If it’s November, it’s time to make the Thanksgiving bird. Here are the ingredients I used to make mine:
And here’s what he ended up looking like when he was all done:
I call him “TurkeyBot 2018.”
The idea for this guy started with a vintage aluminum juicer that I found in a thrift store. The second I saw it, I knew it was a turkey head. It just needed a body to go with it.
Then I found an old beat-up Bundt pan. It was a match made in thrift store heaven. The hole in the middle of it wasn’t ideal, because, in my experience, turkeys don’t generally have giant holes through the middle of their bodies. But I figured I could plug the hole with a small metal lid.
Fortunately, I had a large stash of random metal lids at home — which I keep on hand for emergency situations such as this one. I was thrilled to find one that was not only the perfect size, but also a perfect match color- and patina-wise.
The lid had a knob on top of it back when I brought it home, but I ended up removing it last year …
… to use as the face for this little robot turkey. I remember wondering at the time if I should throw the leftover knobless lid out, but my inner hoarding tendencies told me I would regret it if I did. As usual, my inner hoarding tendencies won out, and, at least in this case, it was worth it.
So here’s the knobless lid filling in the gap in the middle of the Bundt pan body.
And here’s the pan that I found at another a thrift store to use as the tail feathers. I thought the fluted edge kind of looked like feathers and would give the turkey a little dimension.
See? He’s starting to look like a turkey, right?
Here’s what I found for the legs/feet. They were some sort of gardening implements in their previous life, but, just like with the juicer, I knew immediately when I saw them that they were destined to become turkey parts.
I got the husband to help me with the next step — drilling holes into the Bundt pan where the legs would be inserted. (He’s much handier with power tools than I am.) He recommended we drill pilot holes first and then … …
… use a paddle bit to drill out a larger hole.
At this point, I decided the idea of green turkey feet was utterly ridiculous. Everyone knows aluminum turkeys should have yellow feet. So I unscrewed the feet from the legs and gave them a little makeover.
I also put a coat of gel stain on the wooden legs to make them a bit darker.
Then I drilled screws into the legs about halfway up, to keep the legs suspended inside the Bundt pan.
I ended up stringing a rubber band between the legs inside the Bundt pan, to keep a little tension between them and keep the feet facing forward.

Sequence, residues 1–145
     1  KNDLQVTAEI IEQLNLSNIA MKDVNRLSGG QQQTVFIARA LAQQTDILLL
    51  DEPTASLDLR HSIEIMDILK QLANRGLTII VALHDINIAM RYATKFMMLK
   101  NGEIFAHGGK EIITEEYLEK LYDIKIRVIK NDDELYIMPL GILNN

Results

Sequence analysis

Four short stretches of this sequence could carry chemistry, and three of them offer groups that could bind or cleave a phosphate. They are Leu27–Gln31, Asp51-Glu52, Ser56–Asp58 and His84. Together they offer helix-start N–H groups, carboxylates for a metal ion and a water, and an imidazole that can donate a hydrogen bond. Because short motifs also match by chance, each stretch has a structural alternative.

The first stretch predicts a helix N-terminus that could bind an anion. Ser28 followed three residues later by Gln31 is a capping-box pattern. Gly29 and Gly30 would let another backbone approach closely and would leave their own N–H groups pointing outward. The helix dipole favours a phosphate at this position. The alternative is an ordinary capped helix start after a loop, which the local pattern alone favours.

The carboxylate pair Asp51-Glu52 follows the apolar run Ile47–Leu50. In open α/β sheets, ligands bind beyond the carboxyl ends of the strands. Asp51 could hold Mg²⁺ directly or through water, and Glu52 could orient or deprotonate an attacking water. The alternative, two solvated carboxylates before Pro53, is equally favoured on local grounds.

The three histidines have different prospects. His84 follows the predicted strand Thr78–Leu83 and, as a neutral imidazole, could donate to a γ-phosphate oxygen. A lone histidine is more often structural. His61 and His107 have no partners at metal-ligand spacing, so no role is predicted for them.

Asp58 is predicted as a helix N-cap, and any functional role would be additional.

From there, I started assembling the rest of the body. I ran a 4-inch bolt through the base of the turkey’s neck (and secured it with a nut underneath it.) Then I put the bolt through the knobless lid …
… and put a couple of rubber grommets on the bottom of the bolt, where it goes through the hole in the Bundt pan. I think the grommets are supposed to keep the bolt in place, but I’m not 100 percent sure on that. The grommets were the husband’s idea. He’s my chief engineer and troubleshooter when I make turkey robots. I always show him my plans before I get started on projects, and then he shoots them down and comes up with alternate ideas that will work in reality instead of just in my head.
Here’s the back side of the tail feathers, with the bolt sticking out of the rubber grommets in the middle of the Bundt pan.
And here’s what I used to keep everything in place: another random metal lid from my collection.
I screwed a rusty nut onto the end of the bolt that was poking out through the hole in the metal lid.
Then my turkey just needed a face.
The discs that I used for the eyes were actually made of wood. I base coated them with black acrylic paint and then put a layer of watered-down silver paint over top of that to make them look like metal.
The black circles in the middle of the eyes are washers that I painted.
And here he is, all ready for Thanksgiving: TurkeyBot 2018.
I have lots more random parts in my basement, so hopefully I will have time to make at least one more turkey assemblage before Thanksgiving. If not, maybe they’ll become parts to a robot reindeer or junk snowman. Any other fall/winter/Christmas -themed assemblages you’d like to see? I love making turkeys, but maybe it’s time I start branching out. Leave your suggestions in the comments section.